I like your idea though! [​IMG]
     
  7. fatback joe

    fatback joe Master of the Pit OTBS Member

    IMHO 10 hours is waaaayyy too long to brine chicken breast. Try cutting it down to 2 hours and see if you like that better before giving up on brining them.
     
  8. geek with fire

    geek with fire Master of the Pit OTBS Member

    Thanks for your comments. Yea, I may not give up on it just yet; see comments below.

    Squeezy, you need to mind your own business!! [​IMG]
    Just kidding, but really you're right. My plan though is to have a baseline that I can start with, then start taking calories out and see how far I can go before I feel like I'm eating cardboard; then perhaps back off a little.......or just replace it with brisket!

    I kinda wondered about that. Both times I tried it, it was an over night type deal. I'll give it another shot and see. Is there any merrit in marinading after a brine?
     
  9. pigcicles

    pigcicles Master of the Pit OTBS Member SMF Premier Member

    GWF - I would keep the brining down to an hour per pound or a little less. Rinse good, maybe soak for a bit, then re-rinse to help reduce the saltiness. Have you considered maybe injecting the chicken? I prefer the flavor better than brining.

    But again I really prefer my chicken to have hooves anyway.. the ribs are much better [​IMG]
     
  10. richtee

    richtee Smoking Guru OTBS Member

    Hahah chicken...hooves! I want a yardbird with 6 wings! Yeah, chicken ribs leave something to be desired...
     
  11. fatback joe

    fatback joe Master of the Pit OTBS Member

    I honestly don't know. I have always looked at those as an either/or proposition never tried both.
     
  12. ron50

    ron50 Master of the Pit OTBS Member SMF Premier Member

    NY
    You can also cut down on the amount of salt in your brine! I use 1/2 cup of salt and find it reduces the salty tast but still adds lots of moisture.
     
  13. walking dude

    walking dude Smoking Guru SMF Premier Member

    Geek......try this link out for pulled chicken




    dude
     
  14. i did pulled chicken for the first time sunday. i did two full 4 pounders beer can up butt method at 320* till 180*. i dont brine my birds for the most part, im kinda with you on the "too salty" part. someone gave me a u tube link for the recipe, awesome! you take the skin off after its done, chop it up and fry it and mix it up with the alredy pulled chicken. maybe not so healthy, but; really made great sammies.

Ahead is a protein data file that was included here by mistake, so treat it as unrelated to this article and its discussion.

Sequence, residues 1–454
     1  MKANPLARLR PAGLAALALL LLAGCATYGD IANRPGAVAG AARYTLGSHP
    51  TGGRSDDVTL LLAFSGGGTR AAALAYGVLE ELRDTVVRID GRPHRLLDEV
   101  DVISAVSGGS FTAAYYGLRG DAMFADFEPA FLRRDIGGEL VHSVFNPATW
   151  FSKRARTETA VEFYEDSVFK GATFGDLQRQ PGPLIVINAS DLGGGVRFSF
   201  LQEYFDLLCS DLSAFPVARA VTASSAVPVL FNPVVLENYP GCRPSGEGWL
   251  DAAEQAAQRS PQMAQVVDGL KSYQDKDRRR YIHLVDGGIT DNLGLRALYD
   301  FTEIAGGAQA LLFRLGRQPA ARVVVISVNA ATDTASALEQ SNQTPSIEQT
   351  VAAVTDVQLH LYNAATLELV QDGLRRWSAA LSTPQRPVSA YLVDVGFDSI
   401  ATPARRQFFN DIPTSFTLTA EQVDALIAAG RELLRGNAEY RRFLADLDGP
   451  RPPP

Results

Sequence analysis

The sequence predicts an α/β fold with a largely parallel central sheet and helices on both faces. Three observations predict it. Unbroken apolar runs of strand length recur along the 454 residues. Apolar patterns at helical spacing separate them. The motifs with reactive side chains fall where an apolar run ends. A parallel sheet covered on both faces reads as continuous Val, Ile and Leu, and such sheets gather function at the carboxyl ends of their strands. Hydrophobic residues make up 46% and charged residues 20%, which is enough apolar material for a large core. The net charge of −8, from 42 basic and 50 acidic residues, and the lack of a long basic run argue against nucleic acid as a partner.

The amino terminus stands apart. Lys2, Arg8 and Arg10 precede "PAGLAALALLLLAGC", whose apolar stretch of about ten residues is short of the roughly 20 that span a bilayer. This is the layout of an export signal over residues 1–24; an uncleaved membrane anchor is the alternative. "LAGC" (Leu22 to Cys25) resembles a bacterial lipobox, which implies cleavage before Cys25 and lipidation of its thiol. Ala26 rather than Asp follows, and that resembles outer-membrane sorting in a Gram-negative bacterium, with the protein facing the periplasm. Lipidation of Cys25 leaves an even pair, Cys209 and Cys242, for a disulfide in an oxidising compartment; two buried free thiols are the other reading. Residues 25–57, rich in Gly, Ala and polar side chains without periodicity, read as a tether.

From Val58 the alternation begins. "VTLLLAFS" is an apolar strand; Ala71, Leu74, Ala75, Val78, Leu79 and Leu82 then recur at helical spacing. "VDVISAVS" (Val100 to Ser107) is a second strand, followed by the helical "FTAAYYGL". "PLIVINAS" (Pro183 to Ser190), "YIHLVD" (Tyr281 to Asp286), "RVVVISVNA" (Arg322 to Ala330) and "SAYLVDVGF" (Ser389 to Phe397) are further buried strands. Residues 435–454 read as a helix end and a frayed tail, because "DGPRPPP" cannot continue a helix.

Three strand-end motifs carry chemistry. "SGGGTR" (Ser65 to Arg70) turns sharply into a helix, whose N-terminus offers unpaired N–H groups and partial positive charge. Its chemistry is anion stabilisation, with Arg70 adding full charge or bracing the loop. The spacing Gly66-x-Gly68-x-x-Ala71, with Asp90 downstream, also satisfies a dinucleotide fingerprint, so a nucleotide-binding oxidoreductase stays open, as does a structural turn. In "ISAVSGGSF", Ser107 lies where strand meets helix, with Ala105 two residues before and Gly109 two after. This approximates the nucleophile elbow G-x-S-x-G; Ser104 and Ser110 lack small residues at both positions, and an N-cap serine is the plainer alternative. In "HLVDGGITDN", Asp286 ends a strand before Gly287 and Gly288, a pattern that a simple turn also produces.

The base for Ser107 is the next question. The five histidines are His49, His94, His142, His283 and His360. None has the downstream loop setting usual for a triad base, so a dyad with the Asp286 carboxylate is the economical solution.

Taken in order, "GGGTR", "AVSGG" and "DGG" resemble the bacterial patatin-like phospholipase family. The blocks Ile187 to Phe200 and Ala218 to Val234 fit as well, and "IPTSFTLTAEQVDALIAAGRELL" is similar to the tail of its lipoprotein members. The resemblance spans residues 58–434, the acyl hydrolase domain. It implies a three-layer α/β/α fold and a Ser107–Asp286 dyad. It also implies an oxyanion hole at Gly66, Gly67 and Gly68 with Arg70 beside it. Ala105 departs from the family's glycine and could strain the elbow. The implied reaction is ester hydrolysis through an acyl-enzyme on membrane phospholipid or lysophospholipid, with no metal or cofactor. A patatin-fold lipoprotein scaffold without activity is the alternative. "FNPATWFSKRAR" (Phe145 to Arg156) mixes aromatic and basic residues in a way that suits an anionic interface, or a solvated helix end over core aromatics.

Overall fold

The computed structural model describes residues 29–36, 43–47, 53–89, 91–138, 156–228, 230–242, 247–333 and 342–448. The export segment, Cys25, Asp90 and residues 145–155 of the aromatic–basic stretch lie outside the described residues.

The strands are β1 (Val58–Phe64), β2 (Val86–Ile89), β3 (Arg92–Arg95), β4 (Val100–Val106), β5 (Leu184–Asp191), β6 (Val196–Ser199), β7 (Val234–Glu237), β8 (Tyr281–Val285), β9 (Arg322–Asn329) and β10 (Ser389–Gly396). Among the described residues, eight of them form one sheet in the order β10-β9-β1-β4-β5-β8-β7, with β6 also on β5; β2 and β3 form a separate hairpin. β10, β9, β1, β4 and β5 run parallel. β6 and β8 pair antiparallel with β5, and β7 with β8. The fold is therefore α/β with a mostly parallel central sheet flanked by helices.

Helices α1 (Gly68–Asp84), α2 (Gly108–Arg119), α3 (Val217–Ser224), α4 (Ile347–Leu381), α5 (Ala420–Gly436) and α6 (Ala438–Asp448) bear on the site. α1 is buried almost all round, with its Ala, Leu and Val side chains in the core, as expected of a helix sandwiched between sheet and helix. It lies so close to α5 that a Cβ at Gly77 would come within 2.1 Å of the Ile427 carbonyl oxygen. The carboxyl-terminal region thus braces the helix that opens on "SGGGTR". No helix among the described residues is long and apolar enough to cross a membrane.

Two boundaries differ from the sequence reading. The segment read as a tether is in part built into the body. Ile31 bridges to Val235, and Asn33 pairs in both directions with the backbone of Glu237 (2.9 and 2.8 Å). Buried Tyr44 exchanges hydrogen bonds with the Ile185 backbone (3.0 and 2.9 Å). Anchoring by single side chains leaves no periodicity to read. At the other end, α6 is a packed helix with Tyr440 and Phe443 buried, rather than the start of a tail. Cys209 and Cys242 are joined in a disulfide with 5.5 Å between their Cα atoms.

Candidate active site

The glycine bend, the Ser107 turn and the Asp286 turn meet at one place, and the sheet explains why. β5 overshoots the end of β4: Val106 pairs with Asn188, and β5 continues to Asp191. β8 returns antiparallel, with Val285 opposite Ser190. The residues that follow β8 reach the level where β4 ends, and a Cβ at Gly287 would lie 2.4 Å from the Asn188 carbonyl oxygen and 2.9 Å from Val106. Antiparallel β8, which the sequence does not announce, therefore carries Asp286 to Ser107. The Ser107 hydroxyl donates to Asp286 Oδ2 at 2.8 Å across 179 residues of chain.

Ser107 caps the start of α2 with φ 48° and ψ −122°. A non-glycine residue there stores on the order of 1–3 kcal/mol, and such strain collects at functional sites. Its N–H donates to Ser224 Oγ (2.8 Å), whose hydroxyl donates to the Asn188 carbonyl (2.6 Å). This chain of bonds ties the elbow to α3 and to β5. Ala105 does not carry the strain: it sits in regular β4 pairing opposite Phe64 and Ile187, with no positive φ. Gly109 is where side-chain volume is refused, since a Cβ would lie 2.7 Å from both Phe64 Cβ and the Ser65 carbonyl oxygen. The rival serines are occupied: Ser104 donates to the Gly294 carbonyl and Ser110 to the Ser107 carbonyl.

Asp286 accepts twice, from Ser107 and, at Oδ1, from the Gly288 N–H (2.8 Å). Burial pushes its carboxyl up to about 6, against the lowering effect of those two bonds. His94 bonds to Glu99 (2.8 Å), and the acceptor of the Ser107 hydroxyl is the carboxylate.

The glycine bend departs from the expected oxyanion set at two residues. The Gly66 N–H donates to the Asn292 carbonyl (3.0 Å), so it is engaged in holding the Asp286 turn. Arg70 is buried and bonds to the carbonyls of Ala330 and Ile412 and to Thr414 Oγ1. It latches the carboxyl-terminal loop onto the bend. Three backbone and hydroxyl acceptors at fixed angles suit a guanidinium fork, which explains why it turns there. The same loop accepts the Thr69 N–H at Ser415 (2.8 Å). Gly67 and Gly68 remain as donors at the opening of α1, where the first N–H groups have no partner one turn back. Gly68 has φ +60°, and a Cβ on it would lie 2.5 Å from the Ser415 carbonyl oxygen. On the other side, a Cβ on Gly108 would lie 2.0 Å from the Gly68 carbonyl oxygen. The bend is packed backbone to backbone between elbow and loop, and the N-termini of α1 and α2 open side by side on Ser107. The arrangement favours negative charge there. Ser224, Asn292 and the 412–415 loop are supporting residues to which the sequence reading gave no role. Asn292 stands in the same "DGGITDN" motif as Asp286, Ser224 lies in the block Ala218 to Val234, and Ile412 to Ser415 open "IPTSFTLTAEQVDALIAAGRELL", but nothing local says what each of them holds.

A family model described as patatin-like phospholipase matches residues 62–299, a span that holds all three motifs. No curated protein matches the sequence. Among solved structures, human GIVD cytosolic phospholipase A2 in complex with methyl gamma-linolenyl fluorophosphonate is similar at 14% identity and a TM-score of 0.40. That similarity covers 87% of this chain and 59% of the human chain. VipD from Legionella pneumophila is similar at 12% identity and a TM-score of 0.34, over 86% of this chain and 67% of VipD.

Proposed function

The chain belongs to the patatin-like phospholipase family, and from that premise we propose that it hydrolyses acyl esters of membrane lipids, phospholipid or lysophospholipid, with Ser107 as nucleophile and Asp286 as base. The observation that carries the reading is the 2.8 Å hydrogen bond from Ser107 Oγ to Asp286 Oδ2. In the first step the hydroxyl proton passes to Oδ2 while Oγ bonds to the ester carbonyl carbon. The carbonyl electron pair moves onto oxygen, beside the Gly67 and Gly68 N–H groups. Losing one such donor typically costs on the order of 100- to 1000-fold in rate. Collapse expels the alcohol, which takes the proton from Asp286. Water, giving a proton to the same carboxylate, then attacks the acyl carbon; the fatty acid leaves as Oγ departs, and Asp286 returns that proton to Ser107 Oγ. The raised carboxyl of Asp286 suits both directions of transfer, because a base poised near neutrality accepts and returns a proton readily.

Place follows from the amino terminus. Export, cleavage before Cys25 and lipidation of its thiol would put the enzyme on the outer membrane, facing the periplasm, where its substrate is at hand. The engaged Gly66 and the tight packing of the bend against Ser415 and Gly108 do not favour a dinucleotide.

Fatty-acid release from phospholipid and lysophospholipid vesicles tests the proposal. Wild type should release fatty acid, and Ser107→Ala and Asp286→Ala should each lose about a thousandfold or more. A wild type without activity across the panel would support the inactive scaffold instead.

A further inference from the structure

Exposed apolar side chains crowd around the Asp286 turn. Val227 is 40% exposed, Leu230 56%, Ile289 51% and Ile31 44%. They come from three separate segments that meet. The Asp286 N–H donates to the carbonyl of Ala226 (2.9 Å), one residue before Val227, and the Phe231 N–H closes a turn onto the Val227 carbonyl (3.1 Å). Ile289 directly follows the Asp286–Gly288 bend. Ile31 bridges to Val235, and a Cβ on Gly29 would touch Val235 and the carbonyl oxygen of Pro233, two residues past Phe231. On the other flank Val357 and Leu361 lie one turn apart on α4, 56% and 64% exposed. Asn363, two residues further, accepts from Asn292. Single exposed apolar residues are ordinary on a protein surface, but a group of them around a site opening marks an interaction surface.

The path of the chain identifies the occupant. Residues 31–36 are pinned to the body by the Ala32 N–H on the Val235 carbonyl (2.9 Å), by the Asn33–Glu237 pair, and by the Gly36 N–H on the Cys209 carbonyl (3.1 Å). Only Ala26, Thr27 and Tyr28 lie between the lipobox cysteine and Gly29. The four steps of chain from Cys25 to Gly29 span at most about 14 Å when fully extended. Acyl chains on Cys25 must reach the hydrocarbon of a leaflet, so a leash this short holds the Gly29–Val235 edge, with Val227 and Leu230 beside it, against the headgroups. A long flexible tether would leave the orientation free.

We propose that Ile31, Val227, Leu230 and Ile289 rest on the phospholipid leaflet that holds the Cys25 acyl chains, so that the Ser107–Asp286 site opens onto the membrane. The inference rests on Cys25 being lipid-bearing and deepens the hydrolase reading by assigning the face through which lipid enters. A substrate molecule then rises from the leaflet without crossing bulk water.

15. walking dude

    walking dude Smoking Guru SMF Premier Member

    hehehe.........you mean the link i just posted.............


    dude
     
  16. you, my friend, have some great links. i just saw the one on seperating brisket, well played!
     
  17. walking dude

    walking dude Smoking Guru SMF Premier Member

    i owe it all to this site


    dude
     
  18. I'm thinking about trying this pulled chicken recipe.I would like to know about this "Raspberry Chipotle sauce",is this something you make or can you buy it in stores?[​IMG]
     
  19. vlap

    vlap Master of the Pit OTBS Member SMF Premier Member

    C'mon they are the new tapas!
     
  20. geek with fire

    geek with fire Master of the Pit OTBS Member

    Yep, I think I picked it up at wally world. If they don't have the same stuff, they'll surely have rasberry "something" sauce. Pick up that and a bottle of Chipotle Tabasco and add a few shots to flavor.

    Also a side note: If you are flexible on the whole "fat free" thing, a strip of bacon on each chicken strip really helps add to the moisture. But if you're like me, the only reason your cooking these things is for the health aspect.

    When I'm in a flexible mood (meaning, the wife isn't watching) I curl up some flat pieces of foil and make a little "chicken boat". Drizzle some EVOO in the bottom. Add a rubbed chicken breast, lay a piece of bacon (half a strip will work) on top, and smoke to temp. The boat keeps the juice in the chicken and still takes on great smoke.

    Also, I used the term "pulled" very loosely in the originaly post. Torn and chopped is probably a better discription.

    EDIT: One last thing: brining chicken breast for 10 hours is only good if you like to chew on "salt licks". Either skip the brine and just use an overnight marinade, or only brine for a couple of hours. If you go with a marinade, avoid anything with citris juice or it will cook the chicken before you do.